Shannen is one of our 2017-18 educational ambassadors; she teaches in Wuyi Hushan Experimental Primary School in Zhejiang Province.

Shannen is one of our 2017-18 educational ambassadors; she teaches in Wuyi Hushan Experimental Primary School in Zhejiang Province.

I want to share this experience with you. How did a Midwesterner from the USA learn to live and teach in a small town in the province of Zhejiang, China? Before I delve into this, I would like to thank AYC for allowing me to embark on this journey of Chinese culture and education.

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EDUCATION

AYC placed me at Wuyi Hushan Primary School. This school is known as the oldest primary school in the Zhejiang province, with more than 100 years of existence as an institution. The school moved to a completely new school building, so I arrived in good timing. The funny thing is that the library finished by the time I finished, and many classrooms are still being decorated.

Even though Hushan excelled at subjects such as math and science, English was a different story. The level of English at this school was beginner to intermediate, so I knew that I would be in for a challenge. Luckily, I had the best English group of teachers who always collaborated with me to help teach these students. Do know that some of the teachers may not speak great oral English, so please have patience.

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Many of the students were such avid learners of English, and even though I couldn’t speak much Chinese, they still enjoyed the fact that I was their foreign teacher. I taught Grades 3-6, and I also had my own class every Wednesday called “Happy Class”. I believe that one of the best parts of this experience was creating my own material to teach. I shared many aspects of American culture and education, but the students also exchanged their culture with me such as inviting me to their homes or watching their performances. At the end of the program, some students gave me their Chinese calligraphy writings as gifts.

 

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A piece of advice: communication is key with your school administration and coordinator. If there is miscommunication, you can always reach out to AYC. They are very willing to help you out! There may be some minor bumps along the way, especially if Chinese isn’t your first language. Chinese education opened my eyes to how learning and studying is super important at a young age, yet I also witnessed how it may be detrimental to their health. Keep an open mind, stay positive, and truly appreciate how hardworking these students are throughout your time with AYC.

 

 

CULTURE

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I lived in Wuyi, Zhejiang. Wuyi, also known as 山清水秀, is famous for its clean air, mountains, and hot springs. The town is small, yet they have a high-speed train station stop. I practically biked everywhere using the public bike system. This town is developing rapidly, but I still felt a strong sense of traditional China compared to the bigger cities such as Shanghai and Beijing. For example, people still wash their clothes in the river on sunny days, and squatting is still the most popular method of going to the toilet.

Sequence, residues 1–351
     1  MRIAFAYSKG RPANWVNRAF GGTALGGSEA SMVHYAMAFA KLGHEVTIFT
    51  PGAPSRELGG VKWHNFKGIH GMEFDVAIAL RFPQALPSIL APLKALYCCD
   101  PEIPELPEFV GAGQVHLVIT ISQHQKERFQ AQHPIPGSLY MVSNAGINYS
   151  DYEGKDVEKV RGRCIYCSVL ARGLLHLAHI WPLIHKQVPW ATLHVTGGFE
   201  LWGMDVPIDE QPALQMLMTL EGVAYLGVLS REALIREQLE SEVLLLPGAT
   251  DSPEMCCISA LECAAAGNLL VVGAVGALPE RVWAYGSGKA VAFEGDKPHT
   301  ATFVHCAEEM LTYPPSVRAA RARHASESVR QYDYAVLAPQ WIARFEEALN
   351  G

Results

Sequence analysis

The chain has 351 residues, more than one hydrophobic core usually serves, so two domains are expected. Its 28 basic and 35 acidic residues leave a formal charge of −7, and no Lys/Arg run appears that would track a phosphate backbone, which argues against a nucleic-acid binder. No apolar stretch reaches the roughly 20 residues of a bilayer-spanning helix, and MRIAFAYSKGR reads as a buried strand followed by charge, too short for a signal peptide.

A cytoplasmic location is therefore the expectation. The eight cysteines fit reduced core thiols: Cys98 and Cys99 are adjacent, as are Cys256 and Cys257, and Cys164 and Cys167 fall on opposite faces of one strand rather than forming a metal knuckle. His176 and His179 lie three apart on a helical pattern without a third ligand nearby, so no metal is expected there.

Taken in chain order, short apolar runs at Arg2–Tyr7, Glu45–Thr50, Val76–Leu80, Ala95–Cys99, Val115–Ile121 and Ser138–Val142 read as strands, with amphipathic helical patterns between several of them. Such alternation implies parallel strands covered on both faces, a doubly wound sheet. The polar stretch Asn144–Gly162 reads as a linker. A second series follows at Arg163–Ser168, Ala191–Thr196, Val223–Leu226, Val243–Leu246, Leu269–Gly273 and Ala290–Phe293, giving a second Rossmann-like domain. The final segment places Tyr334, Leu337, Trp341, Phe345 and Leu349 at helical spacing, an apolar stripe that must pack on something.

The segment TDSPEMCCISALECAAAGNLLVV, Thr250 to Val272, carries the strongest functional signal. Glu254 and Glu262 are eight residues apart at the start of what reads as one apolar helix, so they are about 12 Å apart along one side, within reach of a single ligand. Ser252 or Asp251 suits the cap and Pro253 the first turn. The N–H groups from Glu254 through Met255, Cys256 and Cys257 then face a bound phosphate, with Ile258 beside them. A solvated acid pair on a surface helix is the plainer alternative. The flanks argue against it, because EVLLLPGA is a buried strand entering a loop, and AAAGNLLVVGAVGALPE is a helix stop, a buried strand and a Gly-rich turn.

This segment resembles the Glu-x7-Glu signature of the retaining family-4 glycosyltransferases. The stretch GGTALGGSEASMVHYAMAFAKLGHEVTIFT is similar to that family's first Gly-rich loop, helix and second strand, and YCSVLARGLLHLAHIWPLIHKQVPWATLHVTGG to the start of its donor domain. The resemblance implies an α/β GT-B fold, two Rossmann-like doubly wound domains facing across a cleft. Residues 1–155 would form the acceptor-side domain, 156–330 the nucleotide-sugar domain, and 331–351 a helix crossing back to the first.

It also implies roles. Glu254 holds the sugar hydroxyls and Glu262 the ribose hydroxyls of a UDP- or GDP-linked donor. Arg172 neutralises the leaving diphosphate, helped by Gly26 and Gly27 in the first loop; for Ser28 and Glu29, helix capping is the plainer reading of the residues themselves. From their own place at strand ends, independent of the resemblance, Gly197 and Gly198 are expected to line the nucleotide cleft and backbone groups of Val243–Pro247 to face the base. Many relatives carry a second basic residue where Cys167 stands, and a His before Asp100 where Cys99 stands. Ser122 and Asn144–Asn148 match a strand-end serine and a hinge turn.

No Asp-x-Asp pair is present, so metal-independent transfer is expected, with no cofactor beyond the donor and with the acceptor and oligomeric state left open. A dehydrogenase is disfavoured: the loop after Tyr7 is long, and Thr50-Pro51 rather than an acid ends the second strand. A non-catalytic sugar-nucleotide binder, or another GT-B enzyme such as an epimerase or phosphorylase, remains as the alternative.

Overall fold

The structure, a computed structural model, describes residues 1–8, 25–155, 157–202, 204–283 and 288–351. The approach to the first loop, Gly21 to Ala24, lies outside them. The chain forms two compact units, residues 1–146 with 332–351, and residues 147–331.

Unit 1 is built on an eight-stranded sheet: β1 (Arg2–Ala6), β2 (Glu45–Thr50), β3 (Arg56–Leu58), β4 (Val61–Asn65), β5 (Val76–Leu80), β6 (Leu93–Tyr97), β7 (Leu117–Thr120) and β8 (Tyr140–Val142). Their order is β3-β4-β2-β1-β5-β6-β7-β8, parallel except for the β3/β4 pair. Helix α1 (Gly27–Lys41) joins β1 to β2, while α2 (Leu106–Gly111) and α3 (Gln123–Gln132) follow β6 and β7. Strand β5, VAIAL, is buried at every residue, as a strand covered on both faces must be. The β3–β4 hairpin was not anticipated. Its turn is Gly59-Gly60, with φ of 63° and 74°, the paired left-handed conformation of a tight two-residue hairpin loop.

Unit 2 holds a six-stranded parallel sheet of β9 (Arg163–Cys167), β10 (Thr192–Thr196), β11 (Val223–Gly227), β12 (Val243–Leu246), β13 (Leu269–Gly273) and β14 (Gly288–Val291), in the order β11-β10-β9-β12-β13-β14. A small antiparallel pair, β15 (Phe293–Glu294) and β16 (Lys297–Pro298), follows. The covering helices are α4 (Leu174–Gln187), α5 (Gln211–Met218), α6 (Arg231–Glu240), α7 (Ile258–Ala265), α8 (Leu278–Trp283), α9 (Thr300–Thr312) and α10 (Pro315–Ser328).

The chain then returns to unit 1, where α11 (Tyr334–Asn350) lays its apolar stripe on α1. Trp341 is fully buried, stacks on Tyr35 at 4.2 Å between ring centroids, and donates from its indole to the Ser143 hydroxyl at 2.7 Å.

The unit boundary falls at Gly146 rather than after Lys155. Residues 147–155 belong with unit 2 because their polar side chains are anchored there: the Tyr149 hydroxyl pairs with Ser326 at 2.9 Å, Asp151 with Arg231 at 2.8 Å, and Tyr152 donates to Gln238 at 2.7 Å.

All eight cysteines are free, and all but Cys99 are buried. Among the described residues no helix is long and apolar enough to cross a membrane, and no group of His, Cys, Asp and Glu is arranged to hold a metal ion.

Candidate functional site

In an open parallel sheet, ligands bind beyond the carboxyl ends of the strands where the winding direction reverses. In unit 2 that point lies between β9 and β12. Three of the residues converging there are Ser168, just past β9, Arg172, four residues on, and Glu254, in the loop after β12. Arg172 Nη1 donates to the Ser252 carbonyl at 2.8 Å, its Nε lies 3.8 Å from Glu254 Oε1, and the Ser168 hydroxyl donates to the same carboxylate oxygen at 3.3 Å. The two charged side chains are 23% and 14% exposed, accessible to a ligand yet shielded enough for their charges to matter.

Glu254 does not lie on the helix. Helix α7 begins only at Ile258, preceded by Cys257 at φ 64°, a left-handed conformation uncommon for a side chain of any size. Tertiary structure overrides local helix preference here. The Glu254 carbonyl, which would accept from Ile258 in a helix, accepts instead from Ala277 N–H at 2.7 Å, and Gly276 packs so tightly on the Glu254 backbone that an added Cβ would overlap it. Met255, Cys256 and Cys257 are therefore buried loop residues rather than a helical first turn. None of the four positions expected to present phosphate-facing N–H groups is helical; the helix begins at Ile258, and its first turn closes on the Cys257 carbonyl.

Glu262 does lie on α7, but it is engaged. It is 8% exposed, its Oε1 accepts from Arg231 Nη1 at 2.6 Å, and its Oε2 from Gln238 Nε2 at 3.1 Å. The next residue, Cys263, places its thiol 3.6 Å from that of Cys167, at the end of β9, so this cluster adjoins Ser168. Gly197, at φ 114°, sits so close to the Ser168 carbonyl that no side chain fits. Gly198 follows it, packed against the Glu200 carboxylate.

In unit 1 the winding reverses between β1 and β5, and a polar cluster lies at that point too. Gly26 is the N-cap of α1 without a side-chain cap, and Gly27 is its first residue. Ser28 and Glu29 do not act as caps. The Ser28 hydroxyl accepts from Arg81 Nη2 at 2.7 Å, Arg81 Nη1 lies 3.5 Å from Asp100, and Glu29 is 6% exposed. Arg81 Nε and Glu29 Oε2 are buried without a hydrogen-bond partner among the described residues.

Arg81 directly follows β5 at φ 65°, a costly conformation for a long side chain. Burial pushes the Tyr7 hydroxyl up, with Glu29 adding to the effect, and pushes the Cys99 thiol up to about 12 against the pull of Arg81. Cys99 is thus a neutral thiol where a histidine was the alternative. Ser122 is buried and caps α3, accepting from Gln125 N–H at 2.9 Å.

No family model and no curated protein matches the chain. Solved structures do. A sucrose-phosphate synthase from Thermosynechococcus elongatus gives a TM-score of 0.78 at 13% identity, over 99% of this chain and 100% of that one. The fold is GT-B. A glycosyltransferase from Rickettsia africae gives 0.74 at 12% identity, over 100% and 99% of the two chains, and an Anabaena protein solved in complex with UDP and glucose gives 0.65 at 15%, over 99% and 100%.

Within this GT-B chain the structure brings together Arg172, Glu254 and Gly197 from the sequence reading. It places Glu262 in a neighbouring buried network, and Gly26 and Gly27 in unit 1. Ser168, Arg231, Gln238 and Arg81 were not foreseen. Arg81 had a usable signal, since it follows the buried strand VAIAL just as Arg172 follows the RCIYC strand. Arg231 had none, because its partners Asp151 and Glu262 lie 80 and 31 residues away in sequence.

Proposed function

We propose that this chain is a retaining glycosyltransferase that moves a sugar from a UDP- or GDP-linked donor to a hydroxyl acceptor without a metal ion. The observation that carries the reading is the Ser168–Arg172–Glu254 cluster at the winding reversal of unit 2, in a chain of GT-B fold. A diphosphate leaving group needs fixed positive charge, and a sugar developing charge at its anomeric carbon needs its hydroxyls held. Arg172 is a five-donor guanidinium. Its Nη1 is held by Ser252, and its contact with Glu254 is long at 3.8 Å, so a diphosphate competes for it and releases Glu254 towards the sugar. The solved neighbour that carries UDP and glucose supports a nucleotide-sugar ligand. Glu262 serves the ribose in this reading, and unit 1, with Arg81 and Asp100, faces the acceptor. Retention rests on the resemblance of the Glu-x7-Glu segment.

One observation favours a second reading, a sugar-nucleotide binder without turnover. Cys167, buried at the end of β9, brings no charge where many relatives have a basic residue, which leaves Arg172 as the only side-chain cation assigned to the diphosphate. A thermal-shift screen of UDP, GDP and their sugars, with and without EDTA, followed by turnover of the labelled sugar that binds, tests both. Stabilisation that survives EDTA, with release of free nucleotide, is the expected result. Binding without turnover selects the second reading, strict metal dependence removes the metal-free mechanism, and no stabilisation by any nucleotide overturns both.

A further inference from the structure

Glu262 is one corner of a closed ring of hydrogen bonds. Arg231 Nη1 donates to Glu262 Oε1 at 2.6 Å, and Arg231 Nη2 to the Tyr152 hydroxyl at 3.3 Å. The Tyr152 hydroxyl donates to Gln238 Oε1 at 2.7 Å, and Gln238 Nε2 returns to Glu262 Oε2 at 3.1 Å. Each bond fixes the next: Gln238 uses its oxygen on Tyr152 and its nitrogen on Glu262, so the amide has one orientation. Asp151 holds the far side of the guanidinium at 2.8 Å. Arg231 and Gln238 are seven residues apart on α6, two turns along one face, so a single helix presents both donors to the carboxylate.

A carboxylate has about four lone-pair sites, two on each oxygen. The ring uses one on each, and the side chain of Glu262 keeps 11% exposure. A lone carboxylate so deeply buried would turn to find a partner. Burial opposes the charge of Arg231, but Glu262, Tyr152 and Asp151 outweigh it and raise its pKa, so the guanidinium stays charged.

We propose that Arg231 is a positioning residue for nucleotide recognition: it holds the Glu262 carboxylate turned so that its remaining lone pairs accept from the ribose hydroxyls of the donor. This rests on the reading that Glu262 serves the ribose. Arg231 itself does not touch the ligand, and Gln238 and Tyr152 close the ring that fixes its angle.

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I’ll be honest. Culture shock occurred during the first two months of my time in Wuyi, but I had to embrace it. Nevertheless, the shock subsided because of Wuyi people. I have never met such kind and generous people in my 25 years of living. If I ever felt a tinge of homesickness, my new Chinese friends would notice this. They would take me to their grandparents’ homes for a meal or go out for milk tea. The little things mattered, and it led to such a humbling experience. Also, I’d like to give a shout out to Leslie, another AYC ambassador who lived in Wuyi as well. Even though we taught at different schools, I am forever grateful for our weekly din-dins just to keep our sanity.

 

 

IMMERSION

 Shannen and Yoyo's family

The best part of all during my time with AYC was the decision to live with a Chinese family. How did this happen? Two things: WeChat and Yoyo. If you don’t have the WeChat app, download it now. Almost everyone in China uses WeChat to communicate with each other. Before I came to China, I used WeChat almost every day communicating with Yoyo, the school coordinator of Wuyi Hushan Primary School. During that time, I began to learn about Yoyo’s life as a teacher and mother of a ten-year-old boy and a one-year old baby girl. Also, she did an internship in America before, so we both felt a similar feeling about cultural exchange.

Once I arrived in Wuyi, within the first two weeks, I knew I wanted to live with Yoyo. Her family was what helped me through the culture shock and homesickness. First, her children brought me so much joy whether it was being greeted by her baby girl in the mornings or watching her son win a football game. Second, her extended family welcomed me with open arms and invited me to outings and dinner. Lastly, it was Yoyo’s friendship that encouraged me to learn so much more about myself and what I wanted out of this experience. I couldn’t have been any luckier and blessed to be matched with her.

 

 

 

So, what happens after all of this? Well, I am continuing my journey in China as a foreign teacher. I believe that my experience with AYC has helped me find a bigger purpose, and that I should further involve myself in Chinese education. For those who will begin this program this fall, maybe you know what you’re doing after, but keep your eyes open for opportunities. I can say that this experience was once in a lifetime, so please take advantage of every single moment. I know I did! Good luck future AYC ambassadors!

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